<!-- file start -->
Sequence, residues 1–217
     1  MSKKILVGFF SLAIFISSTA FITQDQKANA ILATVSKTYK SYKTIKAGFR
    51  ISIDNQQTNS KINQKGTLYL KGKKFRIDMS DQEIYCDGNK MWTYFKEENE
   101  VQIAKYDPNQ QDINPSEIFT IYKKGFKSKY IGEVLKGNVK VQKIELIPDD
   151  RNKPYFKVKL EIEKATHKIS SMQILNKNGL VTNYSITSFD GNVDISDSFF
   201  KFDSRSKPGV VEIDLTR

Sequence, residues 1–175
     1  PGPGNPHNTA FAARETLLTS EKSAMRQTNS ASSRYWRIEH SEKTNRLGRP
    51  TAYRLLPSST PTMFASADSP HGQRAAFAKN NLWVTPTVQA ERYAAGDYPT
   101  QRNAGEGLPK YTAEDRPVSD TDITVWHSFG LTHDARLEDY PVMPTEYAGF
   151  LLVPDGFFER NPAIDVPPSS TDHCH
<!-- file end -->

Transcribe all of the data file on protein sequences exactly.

Sequence, residues 1–217
     1  MSKKILVGFF SLAIFISSTA FITQDQKANA ILATVSKTYK SYKTIKAGFR
    51  ISIDNQQTNS KINQKGTLYL KGKKFRIDMS DQEIYCDGNK MWTYFKEENE
   101  VQIAKYDPNQ QDINPSEIFT IYKKGFKSKY IGEVLKGNVK VQKIELIPDD
   151  RNKPYFKVKL EIEKATHKIS SMQILNKNGL VTNYSITSFD GNVDISDSFF
   201  KFDSRSKPGV VEIDLTR

Sequence, residues 1–175
     1  PGPGNPHNTA FAARETLLTS EKSAMRQTNS ASSRYWRIEH SEKTNRLGRP
    51  TAYRLLPSST PTMFASADSP HGQRAAFAKN NLWVTPTVQA ERYAAGDYPT
   101  QRNAGEGLPK YTAEDRPVSD TDITVWHSFG LTHDARLEDY PVMPTEYAGF
   151  LLVPDGFFER NPAIDVPPSS TDHCH